Portrayals of the Spanish Conquerors
Duality was a fundamental concept in the pre-hispanic world. Everything has its opposite, and together they form a whole. Each part is inextricably connected with its other side: male-female, day-night, life-death, etc. Each can only be understood, or even exist, in relation to its opposite. Above, this Janus-like mask expresses duality using two blonde figures, male and female. The native people often portrayed the Spanish satirically, so this double mask might express the two-faced nature of white overlords. One the one hand, the Conquistadors brought Christianity, on the other, enslavement and cultural genocide.
Spanish arrived in Guerrero, most of the indigenous people fled the fertile Pacific Coast plains to the safety of the mountainous interior. Consequently, the Spaniards had to work their own fields, at least at first. Eventually, they imported African slaves to do the work. The mix of Spanish, African, and indigenous cultures gives this part of Mexico an interesting cultural twist.
Adoring the Saints: Fiestas in Central Mexico, "A type of crazies, men dressed as women, existed in pre-Columbian times and were adapted immediately after the Conquest as characters to mock the Spaniards...today, groups of crazies who take part in patron saint fiestas continue this tradition... the crazies and the giant puppets are two of the bawdiest, most grotesque, and satirical components of the patron saint fiesta."
La Danza de los Moros y Cristianos
Santiago Matamoros (St. James the Moor Slayer) appeared at a critical moment in the battle and led the Christian forces to victory over Pilates and his Moors. This was how the Apostle James gained the nickname Matamoros. Most historians don't believe the battle actually happened. Apparently it was invented hundreds of years later by people who wanted to rally Spanish support for la Reconquista by making Santiago Matamoros the patron saint of Spain.
1095 AD, Pope Urban II called for a Crusade to free the Holy Land. This First Crusade was one of several waged over the following centuries. The Crusades drew Christian warriors from all over Europe into conflicts with various parts of the Muslim world, including Spain. Some of the early Crusades were successful for a time because the Muslims were relatively unprepared. However, the Muslims ultimately recovered nearly all the territory the Crusaders captured. The only unqualified Crusader success was la Reconquista. In 1492, the south-coast principality of Granada was the last remaining Moorish stronghold in Spain. When it fell to the husband-and-wife team of King Ferdinand of Aragon and Queen Isabella of Castille, the 700-year Reconquista was complete. During the last stages of their siege of Granada, a young Italian named Christopher Columbus waited impatiently in Ferdinand and Isabella's camp. He was eager to present a proposal to sail westward over the Atlantic in hopes of landing in Asia. As it turned out, he discovered a New World, transforming Spain from a poor, barely-unified medieval state into the seat of one of the largest and richest empires the world had ever seen.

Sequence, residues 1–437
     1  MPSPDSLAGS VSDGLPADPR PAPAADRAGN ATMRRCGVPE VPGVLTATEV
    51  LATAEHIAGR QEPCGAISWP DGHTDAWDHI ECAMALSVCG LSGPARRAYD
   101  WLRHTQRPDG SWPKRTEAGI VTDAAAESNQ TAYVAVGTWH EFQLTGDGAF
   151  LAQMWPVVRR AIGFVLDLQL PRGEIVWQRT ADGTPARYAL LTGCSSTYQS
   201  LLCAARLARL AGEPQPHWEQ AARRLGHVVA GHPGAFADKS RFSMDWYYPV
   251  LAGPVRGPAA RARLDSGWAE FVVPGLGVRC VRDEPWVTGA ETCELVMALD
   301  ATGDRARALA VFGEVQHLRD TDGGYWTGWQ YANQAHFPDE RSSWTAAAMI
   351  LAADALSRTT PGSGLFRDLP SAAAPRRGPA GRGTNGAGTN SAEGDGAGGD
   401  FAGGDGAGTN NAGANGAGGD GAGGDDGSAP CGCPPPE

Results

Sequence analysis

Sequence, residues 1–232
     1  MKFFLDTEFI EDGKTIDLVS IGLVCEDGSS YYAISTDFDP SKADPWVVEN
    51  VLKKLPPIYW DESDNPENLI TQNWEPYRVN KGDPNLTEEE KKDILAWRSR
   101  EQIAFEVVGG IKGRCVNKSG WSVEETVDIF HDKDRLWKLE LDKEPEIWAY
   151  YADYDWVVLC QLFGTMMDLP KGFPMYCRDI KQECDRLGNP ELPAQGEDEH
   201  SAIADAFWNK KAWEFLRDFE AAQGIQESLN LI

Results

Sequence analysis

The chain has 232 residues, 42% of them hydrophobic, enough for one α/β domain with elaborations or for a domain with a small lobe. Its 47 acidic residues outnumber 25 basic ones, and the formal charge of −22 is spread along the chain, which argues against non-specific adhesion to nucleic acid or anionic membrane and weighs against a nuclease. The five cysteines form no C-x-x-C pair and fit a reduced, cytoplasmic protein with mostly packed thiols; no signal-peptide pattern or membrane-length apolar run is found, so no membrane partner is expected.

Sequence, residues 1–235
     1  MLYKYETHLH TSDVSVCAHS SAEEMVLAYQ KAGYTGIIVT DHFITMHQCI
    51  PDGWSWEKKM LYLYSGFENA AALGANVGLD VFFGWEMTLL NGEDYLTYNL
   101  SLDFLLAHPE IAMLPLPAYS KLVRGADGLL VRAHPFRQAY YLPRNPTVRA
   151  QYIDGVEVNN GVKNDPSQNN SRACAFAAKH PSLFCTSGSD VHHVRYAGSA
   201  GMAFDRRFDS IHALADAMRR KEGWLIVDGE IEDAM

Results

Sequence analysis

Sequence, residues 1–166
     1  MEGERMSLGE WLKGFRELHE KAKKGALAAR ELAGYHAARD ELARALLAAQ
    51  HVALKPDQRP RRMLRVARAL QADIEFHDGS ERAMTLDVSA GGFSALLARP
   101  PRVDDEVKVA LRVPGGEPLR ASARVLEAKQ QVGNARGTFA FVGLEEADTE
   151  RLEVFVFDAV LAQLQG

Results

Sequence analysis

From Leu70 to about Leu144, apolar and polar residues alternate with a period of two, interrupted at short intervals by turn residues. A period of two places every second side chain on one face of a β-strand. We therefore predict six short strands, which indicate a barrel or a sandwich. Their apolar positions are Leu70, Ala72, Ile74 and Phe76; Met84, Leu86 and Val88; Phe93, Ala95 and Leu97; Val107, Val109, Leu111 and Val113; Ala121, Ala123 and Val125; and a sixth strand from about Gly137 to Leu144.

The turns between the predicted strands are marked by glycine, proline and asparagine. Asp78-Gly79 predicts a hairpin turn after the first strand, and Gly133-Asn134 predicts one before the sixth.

encomienda system to handle newly-conquered Moorish lands. Transferred to the New World, this system allowed a Spaniard who subdued a local population to be granted an encomienda, or the right to demand free labor. On his part, the new overlord had the responsibility to ensure that the locals were properly Christianized. New World encomiendas were very beneficial to the Spanish conquistadors but disastrous to the native populations. Lastly, the bloody-handed but victorious Santiago Matamoros became the patron saint of those fighting to conquer the New World's non-Christians. Newly-arrived Spanish priests pushed the indigenous people to celebrate the Spanish defeat of the Moors. The resulting fiestas became imbued with all sorts of pre-hispanic meanings not intended and probably not understood by the priests. To see an example of this, check out the Danza de los Tastoanes, held annually in Tonalá, near Guadalajara.
Danzas de la Santa Semana (Holy Week Dances)
Masks of the Venetian Masquerade
Venice Carnival began as a celebration of the victory of the Republic of Venice over the Patriarch of Aquileia in 1162 AD. During the Renaissance, the Carnival became an officially sponsored event. At the end of the 18th Century, when Venice was ruled by the King Austria, the event was outlawed and the use of masks forbidden. The Carnival was revived in the 19th Century, but mostly for private parties. In 1979, the Italian Government once again sponsored the Carnival as a way of bringing back the history and culture of Venice.
This concludes Part 6 of my San Luis Potosí series. It is also the last of the National Mask Museum. I hope you enjoyed this amazing museum and that you take the time to visit it if you get to San Luis. I always appreciate comments and questions. If you'd like to make one, please leave it in the Comments section below or email me directly.
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Hasta luego, Jim